The average price of milk is up about 21% in the last year, and orange juice is squeezing budgets about 31% more than it was in July 2006.
When gas prices soar, people often drive less. But when the cost of grocery-store staples sets records, as they are now, few families are willing to do without.
"Food prices fluctuate a lot, so people don't factor it into budgeting decisions," says Ellen Davis, spokeswoman for the National Retail Federation, which represents many grocery stores.
A variety of factors are contributing to higher prices for bread, cereal, cheese and other shopping-cart basics, says agricultural economist Tom Jackson of the economic consulting firm Global Insight.
As the standard of living rises in countries such as China and India, more of our food goes there, which puts pressure on prices.
Meanwhile, demand for ethanol is raising the price of corn. That boosts prices for milk, chicken and beef, because corn is used for feed. The higher price of milk affects the price of cheese, and that, in turn, raises the prices of processed foods with cheese in them.
So what's a budget-minded shopper to do?
Larry James of San Mateo, Calif., who used to buy 2 gallons of milk for $3.59 and now pays $6.29, says he has few choices.
"What can I do about it? Picket the grocery store?" James asks. "About the only thing I have a little control over is how quick or slow I use up the $3-a-gallon gasoline I purchase."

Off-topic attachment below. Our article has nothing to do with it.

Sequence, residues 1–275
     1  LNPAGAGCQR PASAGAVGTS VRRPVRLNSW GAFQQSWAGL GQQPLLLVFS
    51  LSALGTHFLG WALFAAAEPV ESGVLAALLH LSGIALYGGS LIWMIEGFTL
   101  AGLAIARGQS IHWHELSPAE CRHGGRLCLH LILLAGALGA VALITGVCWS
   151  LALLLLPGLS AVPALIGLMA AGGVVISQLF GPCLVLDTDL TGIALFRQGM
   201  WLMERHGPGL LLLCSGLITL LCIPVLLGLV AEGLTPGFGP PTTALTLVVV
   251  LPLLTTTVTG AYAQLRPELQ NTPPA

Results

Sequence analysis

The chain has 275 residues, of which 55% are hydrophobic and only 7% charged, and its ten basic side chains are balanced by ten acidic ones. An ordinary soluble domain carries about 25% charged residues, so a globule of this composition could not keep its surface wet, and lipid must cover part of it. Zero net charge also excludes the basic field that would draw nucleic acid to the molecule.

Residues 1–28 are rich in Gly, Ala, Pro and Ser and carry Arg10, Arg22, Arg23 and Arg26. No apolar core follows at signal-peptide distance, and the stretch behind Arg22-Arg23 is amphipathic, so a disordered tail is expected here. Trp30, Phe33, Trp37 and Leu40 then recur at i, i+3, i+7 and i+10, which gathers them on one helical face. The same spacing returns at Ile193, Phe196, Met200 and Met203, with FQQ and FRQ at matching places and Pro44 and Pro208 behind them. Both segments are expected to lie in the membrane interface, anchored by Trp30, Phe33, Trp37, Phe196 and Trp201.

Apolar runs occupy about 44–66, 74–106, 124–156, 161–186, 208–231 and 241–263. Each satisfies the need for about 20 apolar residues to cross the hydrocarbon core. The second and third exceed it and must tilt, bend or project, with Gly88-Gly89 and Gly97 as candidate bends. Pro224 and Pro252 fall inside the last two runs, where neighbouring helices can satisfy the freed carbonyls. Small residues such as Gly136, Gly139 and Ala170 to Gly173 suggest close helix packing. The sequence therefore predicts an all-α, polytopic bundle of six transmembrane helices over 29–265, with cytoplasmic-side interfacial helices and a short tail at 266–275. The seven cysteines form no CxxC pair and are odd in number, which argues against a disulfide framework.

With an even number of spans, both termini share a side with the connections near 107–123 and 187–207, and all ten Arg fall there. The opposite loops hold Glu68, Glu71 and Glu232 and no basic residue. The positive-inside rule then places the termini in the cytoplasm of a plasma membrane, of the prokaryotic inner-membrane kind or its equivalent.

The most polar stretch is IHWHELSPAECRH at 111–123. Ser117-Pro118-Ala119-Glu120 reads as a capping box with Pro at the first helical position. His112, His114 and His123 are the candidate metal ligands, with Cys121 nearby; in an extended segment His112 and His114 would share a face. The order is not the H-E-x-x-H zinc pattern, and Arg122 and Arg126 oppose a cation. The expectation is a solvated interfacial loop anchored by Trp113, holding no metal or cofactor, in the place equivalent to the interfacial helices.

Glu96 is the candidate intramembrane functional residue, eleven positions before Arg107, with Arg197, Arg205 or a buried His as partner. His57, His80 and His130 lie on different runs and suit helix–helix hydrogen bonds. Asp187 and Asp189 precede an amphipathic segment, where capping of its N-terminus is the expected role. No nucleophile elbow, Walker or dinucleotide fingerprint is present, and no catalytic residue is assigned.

That's one of the reasons high prices, such as for milk, aren't budging, says Jackson. "You're going to buy milk if you have kids," he says. "If people don't stop buying, prices are going to keep going up and up."
Still, people are looking for ways to keep their food budgets under control.
Many shoppers are turning to generic or store labels as a way to offset the extra money they're spending on staples. And stores are helping by offering more private-label foods and products.
"More people are switching to generic from brand name," says Davis. "They are trading down."
But Lisa Lee Freeman, editor in chief of Consumer Reports' ShopSmart, says that in many cases, it isn't a trade-off. Shoppers often say they can't tell the difference between store and name brands.
Professional taste testers hired by the magazine have found store brands to be as good as or better than brand names for items ranging from canned peaches to french fries to paper towels.
Freeman suggests that people who swore off the generics of years past because they didn't like the taste or quality give them another try.
Members of USA TODAY's shoppers' panel have some suggestions for keeping costs down.
Janet Crowder of Hillsville, Va., says that in the face of higher grocery-store prices, she's shopping at local produce markets more often for lower-priced fruits, vegetables and eggs.
Marianne Dill of Naperville, Ill., says she's doing more home cooking, because some of the biggest price increases seem to be in processed foods.
Dill says that economic conditions and high food prices have combined to make her ask herself: Do I really need to buy that?
Kit Yarrow, a psychologist and professor who often shops with and interviews consumers, is frequently amazed that shoppers on tight budgets will splurge on name-brand snacks or character-themed foods.
She says studies show that those pricey purchases usually happen when Mom — and, even more so, Dad — brings kids to the grocery store.